Friday, May 30, 2008

The Menier Misses The Mark

I was primed to like this. In common with many children of immigrants I have always had a fascination with certain English institutions and gobbled up films and novels with an Oxford or Cambridge setting as a teenager. But, despite my initial enthusiasm and despite the odd moment of poignancy, this production failed to particularly move or touch me.

Simon Gray’s The Common Pursuit, which the Menier Chocolate Factory are currently reviving in a break from staging musicals, begins in Cambridge of the 1960s. A group of students are in the process of setting up a literary magazine named after an essay collection by FR Leavis. They’re not a particularly likeable bunch but there is something appealing in their intellectual idealism, their desire to leave their mark. But, inevitably, as the years pass, compromises are made, standards are lowered, life weighs down on them – in terms of narrative we’ve been here many, many times before.

Fiona Laird’s production is a curiously blunt affair, slamming much of the subtlety out of the play, flattening it out. None of the actors really convince as students alive with creative energy in the opening scene, so, as they succumb to hack jobs at the BBC (a very Bad Thing indeed in the play’s narrow view of the world) or to extramarital liaisons at the Charing Cross Hotel with women whose names they can’t remember, there is some key thing missing, some necessary hook – it’s difficult to care that much about their various dramas and infidelities

From a performance point of view the production is very mixed bag. James Dreyfus, an actor whose appeal I’ve never really got before now, is very good indeed as Humphrey, the possibly brilliant poet whose self criticism is such he ends up unable to write, frozen, lost. He always stands a little apart from the others, keeping his distance, occasionally breaking in with a waspish comment, but drawing a line between himself and his friends. Reece Shearsmith’s Nick was rather disappointing, far broader in comparison and his various tics were very reminiscent, perhaps inevitably, of his League Of Gentlemen creations (though, in his favour, he was the only one who appeared to age in any noticeable way over the near twenty-year period that the play covers). As for Mary Stockley’s Marigold, the lover and then wife of the magazine’s editor, it’s difficult to judge her performance given how underwritten a part it is, she exists purely to provide a plot twist, a mistress in waiting.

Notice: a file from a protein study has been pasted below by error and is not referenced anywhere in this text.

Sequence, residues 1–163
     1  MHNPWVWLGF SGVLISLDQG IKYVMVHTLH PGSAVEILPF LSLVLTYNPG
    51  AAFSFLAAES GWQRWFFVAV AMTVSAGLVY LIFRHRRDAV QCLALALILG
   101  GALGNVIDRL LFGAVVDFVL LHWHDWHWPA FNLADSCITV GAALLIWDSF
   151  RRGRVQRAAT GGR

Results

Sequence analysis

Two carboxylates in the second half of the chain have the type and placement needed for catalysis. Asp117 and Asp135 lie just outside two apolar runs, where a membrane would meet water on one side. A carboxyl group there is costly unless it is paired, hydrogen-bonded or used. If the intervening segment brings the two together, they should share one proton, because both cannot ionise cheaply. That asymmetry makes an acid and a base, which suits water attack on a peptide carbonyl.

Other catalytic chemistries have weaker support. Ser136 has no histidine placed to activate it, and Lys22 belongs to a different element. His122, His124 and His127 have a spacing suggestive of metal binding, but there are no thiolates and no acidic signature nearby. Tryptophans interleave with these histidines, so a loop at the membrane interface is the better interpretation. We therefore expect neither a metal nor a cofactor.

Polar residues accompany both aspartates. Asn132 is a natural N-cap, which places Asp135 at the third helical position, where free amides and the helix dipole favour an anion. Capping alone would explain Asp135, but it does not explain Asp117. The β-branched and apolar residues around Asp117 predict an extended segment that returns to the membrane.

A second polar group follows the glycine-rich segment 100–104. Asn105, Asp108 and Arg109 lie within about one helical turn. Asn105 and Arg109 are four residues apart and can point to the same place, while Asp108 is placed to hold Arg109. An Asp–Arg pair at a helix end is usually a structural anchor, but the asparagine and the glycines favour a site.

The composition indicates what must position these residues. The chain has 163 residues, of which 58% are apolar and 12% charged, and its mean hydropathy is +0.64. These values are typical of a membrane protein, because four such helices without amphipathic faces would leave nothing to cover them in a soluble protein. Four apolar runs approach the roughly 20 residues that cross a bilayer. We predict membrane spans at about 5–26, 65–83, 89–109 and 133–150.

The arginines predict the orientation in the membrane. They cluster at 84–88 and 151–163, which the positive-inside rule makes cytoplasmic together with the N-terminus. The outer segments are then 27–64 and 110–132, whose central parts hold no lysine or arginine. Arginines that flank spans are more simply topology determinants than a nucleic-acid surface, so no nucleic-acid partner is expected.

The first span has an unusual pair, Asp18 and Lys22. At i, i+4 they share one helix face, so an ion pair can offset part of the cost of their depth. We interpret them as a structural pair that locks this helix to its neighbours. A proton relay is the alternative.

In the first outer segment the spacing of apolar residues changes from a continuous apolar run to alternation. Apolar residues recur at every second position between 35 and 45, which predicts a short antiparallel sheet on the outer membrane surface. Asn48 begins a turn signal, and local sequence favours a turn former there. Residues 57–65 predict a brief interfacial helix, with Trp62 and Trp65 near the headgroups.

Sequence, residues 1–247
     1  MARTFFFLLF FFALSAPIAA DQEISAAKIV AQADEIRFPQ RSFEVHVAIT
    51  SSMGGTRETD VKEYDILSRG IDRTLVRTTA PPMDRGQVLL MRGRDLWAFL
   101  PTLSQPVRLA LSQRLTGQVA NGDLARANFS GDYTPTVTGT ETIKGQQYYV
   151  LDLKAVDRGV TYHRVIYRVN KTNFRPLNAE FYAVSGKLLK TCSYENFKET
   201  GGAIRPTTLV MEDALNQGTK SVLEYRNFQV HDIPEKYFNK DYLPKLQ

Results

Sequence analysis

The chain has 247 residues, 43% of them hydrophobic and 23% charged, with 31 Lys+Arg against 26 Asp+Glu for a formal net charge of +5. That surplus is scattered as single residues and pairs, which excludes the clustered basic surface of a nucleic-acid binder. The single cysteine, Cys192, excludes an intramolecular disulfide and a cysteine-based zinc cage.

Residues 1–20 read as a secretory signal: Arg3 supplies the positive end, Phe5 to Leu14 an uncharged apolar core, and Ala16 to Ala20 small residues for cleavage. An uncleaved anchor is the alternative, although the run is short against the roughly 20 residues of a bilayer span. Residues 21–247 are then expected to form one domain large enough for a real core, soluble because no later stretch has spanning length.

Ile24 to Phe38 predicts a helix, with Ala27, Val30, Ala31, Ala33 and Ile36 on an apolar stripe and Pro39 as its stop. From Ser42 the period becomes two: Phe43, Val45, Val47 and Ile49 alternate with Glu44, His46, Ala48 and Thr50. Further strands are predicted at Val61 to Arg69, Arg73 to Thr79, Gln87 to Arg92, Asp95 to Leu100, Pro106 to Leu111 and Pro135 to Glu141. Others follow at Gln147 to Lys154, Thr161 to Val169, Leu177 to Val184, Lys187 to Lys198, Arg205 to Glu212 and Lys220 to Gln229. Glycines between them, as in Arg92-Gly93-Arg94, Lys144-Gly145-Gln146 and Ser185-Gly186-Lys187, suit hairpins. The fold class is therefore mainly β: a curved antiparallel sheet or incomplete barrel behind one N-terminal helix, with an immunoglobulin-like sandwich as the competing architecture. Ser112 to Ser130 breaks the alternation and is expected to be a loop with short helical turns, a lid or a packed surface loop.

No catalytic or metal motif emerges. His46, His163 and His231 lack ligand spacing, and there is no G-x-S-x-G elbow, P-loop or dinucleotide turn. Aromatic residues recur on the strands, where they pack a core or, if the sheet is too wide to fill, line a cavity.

I concede it may be an age thing but I really couldn’t grasp what it was about the production that moved Charles Spencer to tears. But having read the Guardian blog about Gray’s diaries, I suspect I may be making an Amazon purchase or two this weekend as I’ve not read them and they sound rather wonderful.


Unknown said...

Simon Gray's diaries are fantastic. He used to teach at QMC, London University and was rather scathing towards the students because they weren't at Cambridge. A friend of mine studied English there and used to talk about SG standing at the front of the classroom and 'masturbating', and I was so naive at the time that I didn't realise that she was speaking metaphorically.

Any play set in a University during the seventies will have a resonance for those reviewers familiar with that life and those times - but for me, it always seems as dated and remote as an episode of Terry and June.

I went to see Simon Russell Beale in something at the Donmar a few years ago, mistakenly thinking it was a new play by Peter Schaeffer when in fact it was one of the first he ever wrote - set in a University during the seventies. It left me rather cold, despite SRB's best efforts.

Interval Drinks said...

I have got myself a copy of The Smoking Diaries and am really enjoying it. It's wonderful and funny in a way I can appreciate, whereas, as you say, the play felt remote and dated.

A friend of mine just saw the touring production of Quartermaine's Terms and came out feeling similarly underwhelmed.

Archie said...

If you are interested in finding out more about Simon's work as a whole (he wrote an enormous amount for theatre and in his diaries, but also for film, TV and radio) can I recommend, the newly-launched website about his career. Highlights include production histories for all his plays (inc. all productions of the common pursuit and Q's Terms), video clips and archive production photos, as well as audio clips of his diaries (which include 'an unnatural pursuit' his wonderfully dyspeptic diary of the orig. production of the Common Pursuit directed by Harold Pinter.) Well worth an extended viewing, all in all.

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